The following is the second entry in a new Q&A series highlighting selected Clinical Proteomic Tumor Analysis Consortium (CPTAC) researchers and their work. Join us as we discuss multiple facets of proteomics research with Jeffrey Whitaker, PhD, Director of Proteomics within the Paulovich Lab at the Fred Hutchinson Cancer Center. Transcript is edited for clarity.
Q: Could you provide a brief overview of your academic/professional journey?
JW: My academic journey began with formal training in mass spectrometry, focusing on environmental and atmospheric chemistry during my graduate studies. Transitioning to biological applications during postdoctoral work at the University of Maryland, I've spent the past 19 years at the Fred Hutchinson Cancer Center, concentrating on proteomics and biomarker discovery.
Q: Can you describe your ongoing work at the Fred Hutchinson Cancer Center? What do you find most compelling about your current projects?
JW: Currently, our lab operates as a translational proteomics hub. We're interested in taking modern proteomics discoveries and implementing them at the clinical level. That involves two main aspects. One is technology development. We’re constantly looking to make new methods that'll work and address some of the barriers that we encounter in translating proteomics. The other is in making new biological discoveries. So, discoveries that can provide new biomarkers, provide better treatment options, or reveal the mechanisms behind better treatment options for patients.
To comment on what I find most compelling about the work… the challenge of measuring proteins, especially quantifying them, is really a fascinating problem to work on because they're so complex. The opportunity to design experiments, using these state-of-the-art technologies, and working with such a diverse array of researchers, especially [the caliber] we find in the CPTAC network, it's really rewarding to… ultimately share [the results] with the scientific community. [Also] having a sense that what you're devoting your time and effort to is eventually going to help people and improve their quality of life makes what we're doing highly satisfying.
Q: With nearly two decades at the same institution, what are some factors that have contributed to your lab’s success over this period? In what ways have you seen the landscape evolve during your tenure?
JW: Stability has been a defining factor in our success. Our group here at the Hutch [has] benefited from many talented scientists that have joined and left over the years, but we've [maintained] a very stable core group of researchers... for 10 or more years together and this group is really diverse, both in backgrounds and life experiences. I think that having this core group has really been a nice aspect of our research enabling us to realize new ideas, get contributions from a lot of different people, and to manage roles, expectations, and productivity.
Over the years, working in proteomics there's been tremendous improvements in hardware and software developments for mass spectrometry-based proteomics. I think it's really been neat to see… developments on both the hardware side and the software side and how they interplay with each other… I've seen a couple of different cycles where improvements in one area have prompted a great need, and then that need is met by improvements in the other area. [That relationship] has driven the most innovative technological or scientific developments while I've been here.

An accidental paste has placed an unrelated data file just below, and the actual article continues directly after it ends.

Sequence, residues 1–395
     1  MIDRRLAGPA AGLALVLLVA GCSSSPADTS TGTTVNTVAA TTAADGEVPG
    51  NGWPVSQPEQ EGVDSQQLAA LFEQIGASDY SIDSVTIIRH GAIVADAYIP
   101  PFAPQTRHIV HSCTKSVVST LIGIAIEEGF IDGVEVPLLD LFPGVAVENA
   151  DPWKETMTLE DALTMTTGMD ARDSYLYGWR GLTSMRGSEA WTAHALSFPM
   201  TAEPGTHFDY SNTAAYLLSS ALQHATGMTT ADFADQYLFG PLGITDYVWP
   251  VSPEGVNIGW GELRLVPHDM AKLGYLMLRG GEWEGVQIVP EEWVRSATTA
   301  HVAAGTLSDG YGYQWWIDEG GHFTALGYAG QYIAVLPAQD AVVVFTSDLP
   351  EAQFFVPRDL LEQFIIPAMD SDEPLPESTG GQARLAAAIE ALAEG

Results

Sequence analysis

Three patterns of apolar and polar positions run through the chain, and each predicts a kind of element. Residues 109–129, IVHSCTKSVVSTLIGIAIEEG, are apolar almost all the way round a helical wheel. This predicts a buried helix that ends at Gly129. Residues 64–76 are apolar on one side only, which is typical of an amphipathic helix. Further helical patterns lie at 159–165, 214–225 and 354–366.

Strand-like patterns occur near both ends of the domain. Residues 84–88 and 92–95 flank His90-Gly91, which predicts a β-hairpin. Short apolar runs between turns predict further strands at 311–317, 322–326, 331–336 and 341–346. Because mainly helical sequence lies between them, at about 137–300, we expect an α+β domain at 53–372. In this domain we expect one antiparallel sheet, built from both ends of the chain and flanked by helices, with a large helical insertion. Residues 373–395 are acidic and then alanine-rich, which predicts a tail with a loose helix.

Q: As someone with extensive experience, what barriers to progress do you see in the field of proteomics today and how do you envision overcoming these challenges?
JW: If I was to outline a couple different barriers, I think in the short term… one barrier is the quality and availability of biospecimens that are available, especially for proteomics, where we're often interested in measuring post translational modifications. The ability to get quality biospecimens is something that we are currently trying to address and hopefully overcome.
In the longer term, the ability to measure, reproducibly, whole proteins. Currently, we are predominantly [using] a bottom up paradigm for proteomics. In the future, hopefully advances… made at the top down level will continue to expand our ability to interrogate whole proteins in a comprehensive manner—I continue to look forward to seeing advances in that space. To comment on barriers that I've seen socially in science… I [often see] hesitance to try new technologies in the clinic. [This reluctance] seems to be more of a social barrier where there needs to be more awareness of the benefits or a mechanism to implement new technologies in the clinical space, [more quickly].
Another barrier is reducing costs to care. Hopefully, enabling targeted personalized health care will lead to lower costs for everyone. That's something we don't necessarily work with in the research space, but I definitely see aspects where people's access to new technologies can be limited by the cost.
Q: For aspiring individuals interested in proteomics, what career advice would you offer, considering your own journey and experiences?
JW: Regardless of the field, my advice is to find something you are genuinely interested in and dedicate your time and energy to it. Passion and dedication, coupled with hard work, often lead to fulfilling careers. Surround yourself with talented individuals; science is a collaborative effort, and success often comes from teamwork. Embrace collaboration and appreciate the learning opportunities that come from working with individuals who bring diverse skills and perspectives. Remember, science is a team sport, and the journey is as important as the destination.